When Midnight Strikes @ Finborough Theatre, London

cast list
Nancy Baldwin
Bradley Clarkson
Ben Enwright
Stephanie Flavin
Lorraine Graham
Emma Hatton
Nicholas Moorhead
Susan Raasay
Miles Western
Shona White
Alan Winner

directed by
Fenton Gray
Its almost impossible to walk through the West End without falling over musicals so unapologetically derivative its clear entertainment has finally eaten itself.

There are musicals based on TV shows, musicals following talent shows based on musicals; musicals based on films that came from plays; and – worst of all musicals with not a single original song to call their own, which hurriedly cobble together a dozen chart hits from some fondly remembered band, pocket the money, and run off giggling at the idiocy of the theatre-going public.

Into this sorry state of affairs comes Charles Miller and Kevin Hammonds new musical When Midnight Strikes, set on the evening of December 31st, 1999.

Brimful of fresh songs, it gives a remarkably accurate sense of the brittle gaiety of a New Year party, with all the tensions so often seething behind lipsticked smiles.

Jennifer – played with understated pathos by Stephanie Flavin – is one of those American hostesses who never forgets the celery salt in the Bloody Mary. She has hired a pretty maid to dispense the drinks, there are canaps in the kitchen, and she is wearing her best dress. But she has discovered a letter suggesting her husband is having an affair, and as her guests arrive, the fabric of her marriage begins to unravel.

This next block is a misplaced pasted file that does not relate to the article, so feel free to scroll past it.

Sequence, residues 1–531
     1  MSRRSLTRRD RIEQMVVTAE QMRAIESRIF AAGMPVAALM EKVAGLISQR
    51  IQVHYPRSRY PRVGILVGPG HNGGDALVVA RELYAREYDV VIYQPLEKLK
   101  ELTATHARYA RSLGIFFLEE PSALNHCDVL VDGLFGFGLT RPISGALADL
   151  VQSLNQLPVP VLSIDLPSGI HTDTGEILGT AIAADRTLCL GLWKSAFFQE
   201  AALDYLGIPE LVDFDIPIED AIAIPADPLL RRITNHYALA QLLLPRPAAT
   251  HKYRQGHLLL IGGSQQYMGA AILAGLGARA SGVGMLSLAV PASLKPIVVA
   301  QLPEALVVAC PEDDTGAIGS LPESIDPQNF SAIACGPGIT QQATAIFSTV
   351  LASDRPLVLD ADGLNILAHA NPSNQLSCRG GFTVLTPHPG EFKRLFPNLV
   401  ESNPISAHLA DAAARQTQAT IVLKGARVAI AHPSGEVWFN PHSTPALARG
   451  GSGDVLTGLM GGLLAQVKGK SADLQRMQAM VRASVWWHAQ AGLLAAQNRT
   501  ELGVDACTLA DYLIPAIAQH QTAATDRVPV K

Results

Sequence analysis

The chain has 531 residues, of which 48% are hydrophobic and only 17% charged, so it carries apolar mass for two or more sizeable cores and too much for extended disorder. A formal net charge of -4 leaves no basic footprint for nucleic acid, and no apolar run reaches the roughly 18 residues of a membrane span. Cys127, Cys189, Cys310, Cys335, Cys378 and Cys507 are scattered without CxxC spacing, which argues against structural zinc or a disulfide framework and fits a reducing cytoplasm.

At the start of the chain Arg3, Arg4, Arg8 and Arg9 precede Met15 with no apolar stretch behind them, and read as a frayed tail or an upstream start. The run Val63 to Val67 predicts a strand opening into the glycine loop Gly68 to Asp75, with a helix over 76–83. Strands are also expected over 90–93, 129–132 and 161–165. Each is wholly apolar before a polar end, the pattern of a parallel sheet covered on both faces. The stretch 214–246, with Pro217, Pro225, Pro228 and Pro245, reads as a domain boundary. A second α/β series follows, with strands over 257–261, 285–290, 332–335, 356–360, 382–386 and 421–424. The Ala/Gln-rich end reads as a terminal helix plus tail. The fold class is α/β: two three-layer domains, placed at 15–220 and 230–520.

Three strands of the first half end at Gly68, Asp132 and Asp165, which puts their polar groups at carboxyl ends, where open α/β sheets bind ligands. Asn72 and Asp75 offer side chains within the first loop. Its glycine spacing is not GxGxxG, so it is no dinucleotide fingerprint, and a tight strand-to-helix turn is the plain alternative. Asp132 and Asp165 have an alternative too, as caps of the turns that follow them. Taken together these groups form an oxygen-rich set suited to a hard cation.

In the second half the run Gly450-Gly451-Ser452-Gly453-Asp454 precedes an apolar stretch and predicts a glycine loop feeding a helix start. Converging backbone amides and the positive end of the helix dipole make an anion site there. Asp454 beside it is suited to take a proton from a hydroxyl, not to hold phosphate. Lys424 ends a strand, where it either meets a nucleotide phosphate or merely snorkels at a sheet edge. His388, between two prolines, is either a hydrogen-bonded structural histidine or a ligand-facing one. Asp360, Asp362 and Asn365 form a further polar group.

It is the depth of character awarded each guest that gives the musical genuine warmth. We are delighted when Muriel the sour-faced neighbour, wonderfully played by Nancy Baldwin, transforms into a silk-wrapped siren and falls for Edward, the computer nerd (Ben Enright). When it becomes apparent that brash Zoe of the dubious morals (Susan Raasay) has been quietly in love with her host for years, we are moved. Even the sassy maid Josephina (Lorraine Graham) has her moment in the spotlight: her regretful remembrance of her ambitions to act, I Never Learned to Type, is one of the evenings most memorable songs.

Miller and Hammond manage the tricksy feat of threading the music carefully through the play, so that characters appear to break into song naturally, as if we were able to hear their thoughts. Shut Up, for example, cleverly exposes how tiring it is to nod politely to tedious party conversation. The bigger set-pieces, such as the Latin-influenced hymn to cigarettes, Feel Free to Smoke, are thrilling: the cast sings wonderfully as an ensemble, and with infectious joy in the music. Emma Hatton, in her first professional stage role, sings the pop-soul song You Know How to Love Me with such passion and pathos that I was rummaging for a tissue by the end.

It is altogether a satisfying evening; of the many competent songs, there are enough truly memorable ones to occupy the journey home with humming. The dialogue has the snap and crackle of a good sitcom, and the performances are uniformly excellent. Theres plot suspense and a twist or two, bawdy burlesque and grown-up love-trials.

That some of the third-hand nonsense currently hawking its wares in the West End has audiences of thousands, and that this production sits atop a bar in Earls Court, in genuinely infuriating. I advise you to go and do something about it.

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